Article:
I remember once I ran after you and tagged the fluttering
shirt of you in the wind.
Once many days ago I drank a glassful of something and
the picture of you shivered and slid on top of the stuff.
And again it was nobody else but you I heard in the
singing voice of a careless humming woman.
One night when I sat with chums telling stories at a
bonfire flickering red embers, in a language its own
talking to a spread of white stars:
It was you that slunk laughing
in the clumsy staggering shadows.
Broken answers of remembrance let me know you are
alive with a peering phantom face behind a doorway
somewhere in the city’s push and fury.
Or under a pack of moss and leaves waiting in silence
under a twist of oaken arms ready as ever to run<
away again when I tag the fluttering shirt of you.
I SHALL foot it
Down the roadway in the dusk,
Where shapes of hunger wander
And the fugitives of pain go by.
I shall foot it
In the silence of the morning,
See the night slur into dawn,
Hear the slow great winds arise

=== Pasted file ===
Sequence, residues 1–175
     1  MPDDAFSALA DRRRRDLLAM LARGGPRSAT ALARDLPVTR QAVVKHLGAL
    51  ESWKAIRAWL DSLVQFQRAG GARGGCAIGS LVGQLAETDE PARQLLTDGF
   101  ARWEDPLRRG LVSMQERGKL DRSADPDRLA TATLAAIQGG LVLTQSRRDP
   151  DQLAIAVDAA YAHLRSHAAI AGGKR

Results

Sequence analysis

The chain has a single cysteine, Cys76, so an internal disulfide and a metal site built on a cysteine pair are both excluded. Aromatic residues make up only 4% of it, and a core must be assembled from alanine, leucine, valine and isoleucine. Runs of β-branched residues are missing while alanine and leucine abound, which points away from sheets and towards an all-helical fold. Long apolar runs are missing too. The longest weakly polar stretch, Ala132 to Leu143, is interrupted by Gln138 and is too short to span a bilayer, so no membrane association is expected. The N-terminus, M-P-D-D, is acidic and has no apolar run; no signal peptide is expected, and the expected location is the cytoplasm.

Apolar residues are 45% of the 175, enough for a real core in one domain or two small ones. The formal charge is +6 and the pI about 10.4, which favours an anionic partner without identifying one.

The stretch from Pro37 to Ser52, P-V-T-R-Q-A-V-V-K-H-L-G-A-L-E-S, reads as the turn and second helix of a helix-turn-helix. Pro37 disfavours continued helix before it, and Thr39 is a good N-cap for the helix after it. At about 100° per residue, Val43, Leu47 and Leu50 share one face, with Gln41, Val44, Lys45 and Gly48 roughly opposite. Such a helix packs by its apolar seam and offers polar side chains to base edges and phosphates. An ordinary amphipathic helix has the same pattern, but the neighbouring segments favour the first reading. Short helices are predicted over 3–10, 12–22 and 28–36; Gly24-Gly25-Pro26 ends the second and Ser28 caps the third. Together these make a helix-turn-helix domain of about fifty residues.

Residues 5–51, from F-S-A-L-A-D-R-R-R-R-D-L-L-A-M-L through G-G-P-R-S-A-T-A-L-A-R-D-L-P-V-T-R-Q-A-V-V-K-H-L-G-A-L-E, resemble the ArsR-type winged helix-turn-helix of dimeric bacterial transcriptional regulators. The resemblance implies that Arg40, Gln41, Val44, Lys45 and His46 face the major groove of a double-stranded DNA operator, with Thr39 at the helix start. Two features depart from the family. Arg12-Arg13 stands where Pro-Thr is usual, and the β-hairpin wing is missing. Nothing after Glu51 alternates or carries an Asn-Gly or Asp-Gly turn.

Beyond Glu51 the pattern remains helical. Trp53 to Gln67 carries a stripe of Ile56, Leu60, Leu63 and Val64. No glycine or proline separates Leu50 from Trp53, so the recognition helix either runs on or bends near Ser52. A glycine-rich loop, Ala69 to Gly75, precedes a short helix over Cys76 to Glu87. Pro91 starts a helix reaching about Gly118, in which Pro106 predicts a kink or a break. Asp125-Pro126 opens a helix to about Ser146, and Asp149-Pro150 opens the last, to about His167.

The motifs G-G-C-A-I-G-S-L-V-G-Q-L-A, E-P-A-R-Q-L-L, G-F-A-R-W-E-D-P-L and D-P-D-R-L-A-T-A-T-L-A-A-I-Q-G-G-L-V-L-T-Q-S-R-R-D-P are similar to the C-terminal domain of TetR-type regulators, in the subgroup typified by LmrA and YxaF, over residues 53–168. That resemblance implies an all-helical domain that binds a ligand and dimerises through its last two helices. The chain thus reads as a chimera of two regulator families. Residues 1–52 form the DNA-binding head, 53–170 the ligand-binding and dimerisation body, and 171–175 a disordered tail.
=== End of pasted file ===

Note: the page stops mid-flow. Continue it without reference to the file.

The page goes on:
Where tall trees flank the way
And shoulder toward the sky.
The broken boulders by the road
Shall not commemorate my ruin.
Regret shall be the gravel under foot.
I shall watch for
Slim birds swift of wing
That go where wind and ranks of thunder
Drive the wild processionals of rain.
The dust of the traveled road
Shall touch my hands and face.
*I was reading a lot of Sandburg a year ago and posted this then. I’m looking back over the year on this cloudy Sunday, and thought to share this again, since I’m still trying to “foot it in the silence of the morning…”
“Do you solemnly swear before the everliving God
that the testimony you
are about to give in this cause shall
be the truth, the whole truth, and
nothing but the truth?”
“No, I don’t. I can tell you what I saw
and what I heard and I’ll swear to
that by the everliving God but the
more I study about it the more sure
I am that nobody but the everliving
God knows the whole truth and if
you summoned Christ as a witness
in this case what He would tell you
would burn your insides with the
pity and the mystery of it.”
In the poem of collections, “The People, Yes”. 1936, Harcourt & Brace; 1990 First Harvest Edition.
WHEN Abraham Lincoln was shoveled into the tombs, he forgot the copperheads and the assassin … in the dust, in the cool tombs.
And Ulysses Grant lost all thought of con men and Wall Street, cash and collateral turned ashes … in the dust, in the cool tombs.
Pocahontas’ body, lovely as a poplar, sweet as a red haw in November or a pawpaw in May, did she wonder? does she remember?… in the dust, in the cool tombs?
Take any streetful of people buying clothes and groceries, cheering a hero or throwing confetti and blowing tin horns … tell me if the lovers are losers … tell me if any get more than the lovers … in the dust … in the cool tombs.